Melon Heads is the name given to the legendary beings that live in the forests of Michigan, Connecticut, and Ohio. Different variations of the legend attribute different origins. The creatures are said to appear remotely human with bulbous, melon-like heads.
The Melon heads were originally abandoned children that a scientist by the name of Dr. Crow decided to "take care of" at his facility in Kirtland, Ohio. While the children stayed at the facility, Dr. Crow performed torturous experiments on them. What got them the name "Melon Heads" was when Dr. Crow injected chemicals into their brains, which caused their craniums to grotesquely grow. Because of the abnormal growth, they developed hydrocephalus, which caused them to become mentally retarded and insane. After years of abuse, the Melon Heads brutally killed Dr. Crow and burned down his facility.
The melon heads of Michigan are said to reside around Felt Mansion, although they have also been reportedly seen in in southern forested areas of Ottawa County. According to one story, they were originally children with hydrocephalus who lived at the Junction Insane Asylum near Felt Mansion. The story explains that, after enduring physical and emotional abuse, they became feral mutants and were released into the forests surrounding the asylum. The Allegan County Historical Society asserts that the asylum never existed, although it was at one point a prison.
Several variations of the Melon Head myths can be found in Fairfield County, Connecticut. Most instances can be found in Trumbull, Shelton, Stratford and Monroe, but other instances can be found in Seymour, Easton, Weston, Oxford, Milford, and Southbury. There are two primary Connecticut variations.
According to the first variation of the myth, Fairfield County was the location of an asylum for the criminally insane that burned down in the fall of 1960, resulting in the death of all of the staff and most of the patients with 10-20 inmates unaccounted for, supposedly having survived and escaped to the woods. The legend states that the Melon Heads' appearance is the result of them having resorted to cannibalism in order to survive the harsh winters of the region, and due to inbreeding, which in turn caused them to develop hydrocephalus. According to the second variation, the Melon Heads are descendants of a Colonial era family from Shelton-Trumbull who were banished after accusations of witchcraft were made against them causing them to retreat to the woods. As with the first legend, this variation attributes the appearance of the Melon Heads to inbreeding. Another variation of the tale can be found here.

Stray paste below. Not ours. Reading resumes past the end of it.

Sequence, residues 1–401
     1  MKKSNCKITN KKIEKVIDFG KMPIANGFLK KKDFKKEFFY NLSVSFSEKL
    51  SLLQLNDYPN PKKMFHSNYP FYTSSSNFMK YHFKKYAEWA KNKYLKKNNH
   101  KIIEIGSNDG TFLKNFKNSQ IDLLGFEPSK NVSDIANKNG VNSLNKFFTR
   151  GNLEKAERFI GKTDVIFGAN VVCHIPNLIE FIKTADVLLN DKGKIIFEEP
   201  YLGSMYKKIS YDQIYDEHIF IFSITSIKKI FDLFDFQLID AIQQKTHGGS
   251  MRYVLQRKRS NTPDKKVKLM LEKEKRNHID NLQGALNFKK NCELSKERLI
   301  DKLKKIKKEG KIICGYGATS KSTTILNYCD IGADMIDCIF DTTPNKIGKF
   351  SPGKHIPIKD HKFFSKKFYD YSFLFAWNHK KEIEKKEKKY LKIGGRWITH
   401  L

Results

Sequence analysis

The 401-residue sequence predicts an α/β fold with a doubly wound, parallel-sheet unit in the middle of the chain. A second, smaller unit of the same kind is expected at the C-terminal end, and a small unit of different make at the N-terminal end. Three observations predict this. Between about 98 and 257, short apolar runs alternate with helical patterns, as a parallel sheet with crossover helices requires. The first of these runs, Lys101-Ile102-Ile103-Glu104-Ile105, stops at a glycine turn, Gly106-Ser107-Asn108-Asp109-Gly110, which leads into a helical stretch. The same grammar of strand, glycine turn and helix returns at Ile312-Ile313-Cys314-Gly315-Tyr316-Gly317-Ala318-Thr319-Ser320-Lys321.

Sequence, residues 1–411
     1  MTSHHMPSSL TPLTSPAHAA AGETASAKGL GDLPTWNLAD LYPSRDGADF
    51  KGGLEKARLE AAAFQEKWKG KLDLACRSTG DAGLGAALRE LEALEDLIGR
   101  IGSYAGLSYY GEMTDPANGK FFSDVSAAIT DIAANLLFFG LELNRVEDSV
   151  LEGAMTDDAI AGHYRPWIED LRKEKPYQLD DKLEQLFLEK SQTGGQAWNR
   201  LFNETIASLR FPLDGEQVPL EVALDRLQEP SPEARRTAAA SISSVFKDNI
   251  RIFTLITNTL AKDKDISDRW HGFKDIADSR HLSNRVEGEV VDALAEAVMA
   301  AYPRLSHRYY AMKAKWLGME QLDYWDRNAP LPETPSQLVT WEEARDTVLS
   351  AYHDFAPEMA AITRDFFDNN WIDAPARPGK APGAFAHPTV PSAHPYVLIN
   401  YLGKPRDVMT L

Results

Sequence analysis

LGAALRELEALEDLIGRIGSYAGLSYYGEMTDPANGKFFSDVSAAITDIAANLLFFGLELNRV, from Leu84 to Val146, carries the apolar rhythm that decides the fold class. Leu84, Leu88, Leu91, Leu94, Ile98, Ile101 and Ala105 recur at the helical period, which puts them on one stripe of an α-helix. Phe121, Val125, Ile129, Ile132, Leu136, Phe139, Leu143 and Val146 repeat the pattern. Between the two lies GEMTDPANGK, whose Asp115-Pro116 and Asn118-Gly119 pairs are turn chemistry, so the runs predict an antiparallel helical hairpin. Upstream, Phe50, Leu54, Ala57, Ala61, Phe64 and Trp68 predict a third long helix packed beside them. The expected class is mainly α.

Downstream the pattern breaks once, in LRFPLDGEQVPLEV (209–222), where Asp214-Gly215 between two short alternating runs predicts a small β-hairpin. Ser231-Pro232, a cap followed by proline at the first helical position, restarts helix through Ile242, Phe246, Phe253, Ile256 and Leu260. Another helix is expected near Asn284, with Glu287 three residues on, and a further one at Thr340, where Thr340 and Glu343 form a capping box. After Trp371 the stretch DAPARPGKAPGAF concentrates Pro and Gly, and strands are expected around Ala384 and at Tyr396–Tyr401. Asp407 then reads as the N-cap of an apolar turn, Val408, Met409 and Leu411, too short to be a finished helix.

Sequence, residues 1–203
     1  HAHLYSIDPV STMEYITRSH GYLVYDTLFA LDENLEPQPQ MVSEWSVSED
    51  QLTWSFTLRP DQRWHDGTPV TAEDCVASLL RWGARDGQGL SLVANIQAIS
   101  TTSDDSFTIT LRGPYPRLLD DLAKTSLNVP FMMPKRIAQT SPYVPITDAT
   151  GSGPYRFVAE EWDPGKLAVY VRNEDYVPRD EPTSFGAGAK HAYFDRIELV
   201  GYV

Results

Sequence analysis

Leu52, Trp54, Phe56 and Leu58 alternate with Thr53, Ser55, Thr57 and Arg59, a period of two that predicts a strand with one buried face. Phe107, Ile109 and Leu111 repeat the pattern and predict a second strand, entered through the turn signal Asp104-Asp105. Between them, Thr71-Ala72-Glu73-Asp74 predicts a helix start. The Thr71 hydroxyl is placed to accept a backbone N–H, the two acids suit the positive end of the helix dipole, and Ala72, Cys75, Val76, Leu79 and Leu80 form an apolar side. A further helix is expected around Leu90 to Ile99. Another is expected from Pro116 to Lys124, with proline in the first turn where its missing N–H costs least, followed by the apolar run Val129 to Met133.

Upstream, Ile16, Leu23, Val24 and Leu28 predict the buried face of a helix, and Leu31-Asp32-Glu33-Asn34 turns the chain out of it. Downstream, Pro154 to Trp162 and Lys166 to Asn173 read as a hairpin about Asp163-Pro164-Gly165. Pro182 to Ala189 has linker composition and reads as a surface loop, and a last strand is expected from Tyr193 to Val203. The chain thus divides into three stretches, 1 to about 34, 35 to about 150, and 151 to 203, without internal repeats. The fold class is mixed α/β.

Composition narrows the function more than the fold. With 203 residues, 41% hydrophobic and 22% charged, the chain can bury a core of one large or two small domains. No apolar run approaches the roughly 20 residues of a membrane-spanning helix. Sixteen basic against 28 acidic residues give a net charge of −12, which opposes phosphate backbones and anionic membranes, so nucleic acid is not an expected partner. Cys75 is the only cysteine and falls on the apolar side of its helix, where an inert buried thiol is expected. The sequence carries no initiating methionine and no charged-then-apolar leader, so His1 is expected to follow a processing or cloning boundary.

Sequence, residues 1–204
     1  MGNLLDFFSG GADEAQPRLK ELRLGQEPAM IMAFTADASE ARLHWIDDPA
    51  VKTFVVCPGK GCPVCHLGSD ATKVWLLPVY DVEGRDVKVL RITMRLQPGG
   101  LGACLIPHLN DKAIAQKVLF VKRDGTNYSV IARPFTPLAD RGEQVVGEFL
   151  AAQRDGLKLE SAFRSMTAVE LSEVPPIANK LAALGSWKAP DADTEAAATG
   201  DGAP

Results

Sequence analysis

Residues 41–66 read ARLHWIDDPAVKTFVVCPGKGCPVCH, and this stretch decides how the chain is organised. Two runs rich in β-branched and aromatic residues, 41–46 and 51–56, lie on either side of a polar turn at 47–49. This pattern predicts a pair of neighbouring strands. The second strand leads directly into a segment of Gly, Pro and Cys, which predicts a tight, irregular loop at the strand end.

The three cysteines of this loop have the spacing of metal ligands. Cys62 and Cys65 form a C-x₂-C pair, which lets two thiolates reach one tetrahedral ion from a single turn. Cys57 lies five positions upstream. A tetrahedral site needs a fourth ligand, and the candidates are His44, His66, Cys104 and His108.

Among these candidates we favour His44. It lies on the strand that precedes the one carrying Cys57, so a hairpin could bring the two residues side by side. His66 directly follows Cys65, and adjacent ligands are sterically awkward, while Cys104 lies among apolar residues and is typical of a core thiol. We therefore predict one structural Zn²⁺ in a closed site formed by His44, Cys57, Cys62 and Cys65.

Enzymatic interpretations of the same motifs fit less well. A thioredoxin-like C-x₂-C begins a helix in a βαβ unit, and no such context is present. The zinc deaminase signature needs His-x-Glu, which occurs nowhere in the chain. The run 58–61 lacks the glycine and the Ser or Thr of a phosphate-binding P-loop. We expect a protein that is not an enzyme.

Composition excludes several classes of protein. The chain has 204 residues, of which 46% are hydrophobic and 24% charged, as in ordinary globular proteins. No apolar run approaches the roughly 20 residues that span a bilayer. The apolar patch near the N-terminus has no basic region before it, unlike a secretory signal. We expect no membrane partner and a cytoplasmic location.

After the murder of the sadistic mad scientist by the name of Dr. Crow, the Melon Heads decided to inhabit the forests of Crybaby Bridge. To survive, the Melonheads feast on any animals that they hunted down. Because of their paranoia of society, the Melonheads kill and cannibalize any one that sees them. To keep the Melon Heads cult to keep going, they have kept impregnating each other which soon lead to inbreeding, making the offspring even more retarded and lunatic.
MichiganThe legend says that the children devised a plan to escape and kill the doctor that abused them. It is said that the children had no place to hide the body, so they cut it up in small pieces which they hid around the Mansion. Rumors exist that teenagers who had broken into the mansion saw ghosts of the children and claimed to see shadows of the killing of the doctor through the light coming from an open door. The legend has spread throughout the region, even becoming the subject of a 2011 film simply titled The Melonheads, which is based around the West Michigan legend.
Generally the legend say that the Melon Heads allegedly prey upon humans who wander into their territory.